What does it say about college basketball that 14 non-North Americans (five first round, seven in the second; average height 6-9) in last week's NBA Draft? For one thing it tells you there are a lot of very tall, talented people from Europe and Africa who are getting better coaching than ever before and second, it tells you a lot of very good players in the United States elected to stay in school an extra year. At a time when there aren't a lot of kids in the 6-11 to 7-2 range playing in the US, the European leagues are loaded with kids of African descent as well as the Balkans, were there is a disproportionate number of tall people compared to the population. As for the Americans, the draft probably would have looked a lot different if Willie Cauley-Stein, Dakari Johnson, the Harrison Twins and Alex Poythress (all from Kentucky) had elected to leave school or if Chris Walker (Florida), Montrezl Harrel (Louisville), Frank Kaminsky and Sam Dekker (both Wisconsin), Marcus Paige (North Carolina), Wayne Selden (Kansas), Cameron Ridley (Texas), Ryan Boatright (UConn), Brandon Ashley (Arizona) or Jayvaughn Pinkston (Villanova) had declared for the draft. American college basketball is in good shape, but the game and the players are improving rapidly in the rest of the world, too.


Udonis Haslem has opted out of his contract with the Miami Heat. He's not going anywhere. He will be back with the Heat next year, but with a restructured salary to help the Heat create cap room to add the pieces they will need to bring home another NBA championship. This is the second time Haslem has allowed the Heat to restructure his contract. He did it four years ago to help the Heat sign LeBron James and Chris Bosh. Haslem is a pillar of strength in the Miami locker room and he's a guy who leads by example. He's a good soldier. If the Heat organization is smart, one of these days when Haslem's playing career is over, there will be a place in the front office to train him for bigger and better things.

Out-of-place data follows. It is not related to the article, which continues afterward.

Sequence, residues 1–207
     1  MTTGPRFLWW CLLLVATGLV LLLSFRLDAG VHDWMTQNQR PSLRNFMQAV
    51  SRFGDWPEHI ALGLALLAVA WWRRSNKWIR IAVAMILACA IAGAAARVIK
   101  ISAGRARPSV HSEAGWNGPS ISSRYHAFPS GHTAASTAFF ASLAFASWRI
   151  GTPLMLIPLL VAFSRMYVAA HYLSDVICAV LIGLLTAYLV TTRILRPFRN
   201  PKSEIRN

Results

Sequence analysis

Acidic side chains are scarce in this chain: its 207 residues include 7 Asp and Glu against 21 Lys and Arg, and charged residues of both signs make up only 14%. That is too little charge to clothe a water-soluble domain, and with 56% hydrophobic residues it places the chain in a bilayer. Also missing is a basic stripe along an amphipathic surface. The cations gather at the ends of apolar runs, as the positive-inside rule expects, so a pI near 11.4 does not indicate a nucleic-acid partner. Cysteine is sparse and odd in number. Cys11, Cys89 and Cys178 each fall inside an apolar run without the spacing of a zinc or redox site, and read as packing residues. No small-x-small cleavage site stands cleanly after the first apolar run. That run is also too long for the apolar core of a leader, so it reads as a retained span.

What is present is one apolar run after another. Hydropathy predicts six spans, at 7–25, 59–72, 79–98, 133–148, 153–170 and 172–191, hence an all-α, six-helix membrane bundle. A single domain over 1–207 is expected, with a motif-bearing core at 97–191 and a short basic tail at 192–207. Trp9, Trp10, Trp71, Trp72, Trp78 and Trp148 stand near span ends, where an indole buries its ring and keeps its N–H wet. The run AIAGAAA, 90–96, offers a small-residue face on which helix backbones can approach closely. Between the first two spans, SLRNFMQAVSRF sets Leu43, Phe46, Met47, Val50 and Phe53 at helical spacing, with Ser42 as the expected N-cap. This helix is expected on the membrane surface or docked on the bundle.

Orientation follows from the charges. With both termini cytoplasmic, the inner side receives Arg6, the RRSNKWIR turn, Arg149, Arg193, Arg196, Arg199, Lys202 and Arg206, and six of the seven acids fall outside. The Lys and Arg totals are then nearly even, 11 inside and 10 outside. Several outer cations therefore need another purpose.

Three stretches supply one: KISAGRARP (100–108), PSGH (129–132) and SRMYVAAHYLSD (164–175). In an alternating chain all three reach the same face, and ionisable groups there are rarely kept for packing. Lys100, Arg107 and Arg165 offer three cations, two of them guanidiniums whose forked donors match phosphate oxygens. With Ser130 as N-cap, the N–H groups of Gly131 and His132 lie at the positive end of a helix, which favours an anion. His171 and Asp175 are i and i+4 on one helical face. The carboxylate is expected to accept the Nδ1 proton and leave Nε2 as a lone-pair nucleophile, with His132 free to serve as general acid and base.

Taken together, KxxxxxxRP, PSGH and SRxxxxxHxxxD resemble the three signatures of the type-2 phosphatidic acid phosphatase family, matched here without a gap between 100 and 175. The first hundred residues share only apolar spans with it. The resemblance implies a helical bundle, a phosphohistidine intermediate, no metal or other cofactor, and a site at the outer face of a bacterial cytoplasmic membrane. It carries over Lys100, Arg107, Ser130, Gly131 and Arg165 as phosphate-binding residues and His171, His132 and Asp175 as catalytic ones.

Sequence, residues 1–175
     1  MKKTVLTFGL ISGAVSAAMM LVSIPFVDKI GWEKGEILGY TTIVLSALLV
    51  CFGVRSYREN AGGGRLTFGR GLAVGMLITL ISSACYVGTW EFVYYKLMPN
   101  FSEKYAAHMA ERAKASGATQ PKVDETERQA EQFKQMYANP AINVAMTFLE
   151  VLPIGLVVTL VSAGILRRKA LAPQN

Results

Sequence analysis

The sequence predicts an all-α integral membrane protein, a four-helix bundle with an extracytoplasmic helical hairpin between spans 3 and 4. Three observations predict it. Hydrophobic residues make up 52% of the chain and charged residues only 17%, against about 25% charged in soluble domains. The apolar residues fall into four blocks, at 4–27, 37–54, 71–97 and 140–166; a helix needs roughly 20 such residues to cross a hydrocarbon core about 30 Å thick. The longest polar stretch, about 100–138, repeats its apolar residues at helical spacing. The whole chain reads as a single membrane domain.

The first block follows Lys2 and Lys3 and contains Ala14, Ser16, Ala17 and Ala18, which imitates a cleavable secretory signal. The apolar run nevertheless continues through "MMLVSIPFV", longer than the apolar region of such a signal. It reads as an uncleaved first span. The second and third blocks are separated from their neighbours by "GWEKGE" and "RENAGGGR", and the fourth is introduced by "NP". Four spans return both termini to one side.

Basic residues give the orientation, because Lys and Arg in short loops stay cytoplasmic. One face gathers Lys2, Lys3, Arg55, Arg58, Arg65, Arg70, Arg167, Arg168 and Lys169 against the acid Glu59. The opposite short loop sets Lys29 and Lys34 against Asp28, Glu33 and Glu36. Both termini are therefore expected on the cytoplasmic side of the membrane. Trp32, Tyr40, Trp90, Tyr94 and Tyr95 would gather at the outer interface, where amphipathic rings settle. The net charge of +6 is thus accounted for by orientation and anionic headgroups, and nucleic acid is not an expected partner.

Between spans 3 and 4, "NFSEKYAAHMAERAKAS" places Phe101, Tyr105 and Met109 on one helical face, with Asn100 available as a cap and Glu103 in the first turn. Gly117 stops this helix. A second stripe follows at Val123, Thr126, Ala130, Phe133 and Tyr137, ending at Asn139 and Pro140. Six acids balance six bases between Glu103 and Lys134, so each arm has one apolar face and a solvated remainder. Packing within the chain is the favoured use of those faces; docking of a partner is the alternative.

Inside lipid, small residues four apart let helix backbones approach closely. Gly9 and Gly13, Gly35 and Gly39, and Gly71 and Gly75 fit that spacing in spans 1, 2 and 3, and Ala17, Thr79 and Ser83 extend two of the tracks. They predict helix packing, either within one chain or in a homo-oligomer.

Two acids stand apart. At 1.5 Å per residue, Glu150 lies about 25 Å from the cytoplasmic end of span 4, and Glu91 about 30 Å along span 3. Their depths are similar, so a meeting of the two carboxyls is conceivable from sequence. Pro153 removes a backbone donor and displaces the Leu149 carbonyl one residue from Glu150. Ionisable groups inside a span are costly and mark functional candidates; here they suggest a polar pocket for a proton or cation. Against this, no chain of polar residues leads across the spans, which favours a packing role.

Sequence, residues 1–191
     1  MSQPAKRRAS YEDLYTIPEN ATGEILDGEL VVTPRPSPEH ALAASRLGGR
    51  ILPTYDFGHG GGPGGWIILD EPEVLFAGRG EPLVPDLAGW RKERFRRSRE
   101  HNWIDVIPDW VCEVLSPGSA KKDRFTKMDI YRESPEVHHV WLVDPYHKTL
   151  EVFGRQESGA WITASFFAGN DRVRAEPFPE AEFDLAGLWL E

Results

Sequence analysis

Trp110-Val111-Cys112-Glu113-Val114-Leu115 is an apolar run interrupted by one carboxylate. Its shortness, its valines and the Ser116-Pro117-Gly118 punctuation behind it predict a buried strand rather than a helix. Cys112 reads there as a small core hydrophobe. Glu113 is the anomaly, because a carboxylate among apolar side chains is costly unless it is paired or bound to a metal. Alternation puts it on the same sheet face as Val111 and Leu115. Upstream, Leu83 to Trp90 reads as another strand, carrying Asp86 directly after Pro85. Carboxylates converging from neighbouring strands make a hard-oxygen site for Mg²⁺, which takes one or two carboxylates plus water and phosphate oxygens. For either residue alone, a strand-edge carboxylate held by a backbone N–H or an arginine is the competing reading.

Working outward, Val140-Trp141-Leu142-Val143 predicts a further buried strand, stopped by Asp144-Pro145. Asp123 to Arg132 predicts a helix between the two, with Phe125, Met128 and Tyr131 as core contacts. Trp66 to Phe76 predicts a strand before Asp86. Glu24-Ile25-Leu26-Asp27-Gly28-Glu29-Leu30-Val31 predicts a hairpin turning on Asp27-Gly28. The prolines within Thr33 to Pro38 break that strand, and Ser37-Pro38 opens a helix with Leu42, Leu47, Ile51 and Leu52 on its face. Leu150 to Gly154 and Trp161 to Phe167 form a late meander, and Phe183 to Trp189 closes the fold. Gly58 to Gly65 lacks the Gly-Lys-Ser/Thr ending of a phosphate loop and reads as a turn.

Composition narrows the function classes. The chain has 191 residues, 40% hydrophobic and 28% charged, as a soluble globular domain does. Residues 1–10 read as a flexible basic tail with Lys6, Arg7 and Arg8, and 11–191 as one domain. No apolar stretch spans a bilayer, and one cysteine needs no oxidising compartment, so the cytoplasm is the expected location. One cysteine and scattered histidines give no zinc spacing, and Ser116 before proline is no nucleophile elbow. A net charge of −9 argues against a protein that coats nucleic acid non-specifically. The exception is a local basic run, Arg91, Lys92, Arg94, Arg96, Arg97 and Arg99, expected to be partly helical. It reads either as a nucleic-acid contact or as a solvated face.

You don't have to be a soccer fan to appreciate Costa Rica's dramatic shootout win over Greece Sunday. One nation saw its dreams crushed while the other saw its impossible dream live on. Very cool stuff ... Mexico's team manager has every right to complain about losing to The Netherlands on a penalty kick. If you've watched the replay, it seems pretty clear that either Arjen Robben of The Netherlands flopped or was already on his way down when he was touched. He also admits he flopped in the first half when he was trying to draw a foul. The excessive flopping in just about every World Cup match has distracted from an otherwise exciting tournament ... Philip Lutzenkirchen, one of the heroes in Auburn's 14-0 run to the national championship in 2010, died over the weekend when a Chevy Tahoe he was riding in flipped several times. He was 23 ... Indiana University has come up with a 10-point student-athlete bill of rights that covers many of the issues brought up in the Ed O'Bannon vs. The NCAA trial ... Nigel Bethel II, who was Texas Tech's top football recruit, is gone before he even plays a game. He punched out the leading scorer from Texas Tech's women's basketball team during a pickup game Saturday and was immediately sent packing ... Phil Steele's top five Heisman candidates are (in order): (1) Marcus Mariota, Oregon; (2) Jameis Winston, FSU; (3) Braxton Miller, Ohio State; (4) Bryce Petty, Baylor; and (5) Todd Gurley, Georgia.


Which Southeastern Conference team has the toughest football schedule this fall?


Back in 1970, when Derek and the Dominoes were getting ready to record the album "Layla and Other Assorted Love Songs," Eric Clapton and Duane Allman sat down and jammed for an entire day. A good bit of their session was captured on tape including the old T-Bone Walker blues standard, "Mean Old World" which you can hear on the 1990 box set "The Layla Sessions: 20th Anniversary Edition." I could listen to this song 4-5 times every day and never grow tired of it.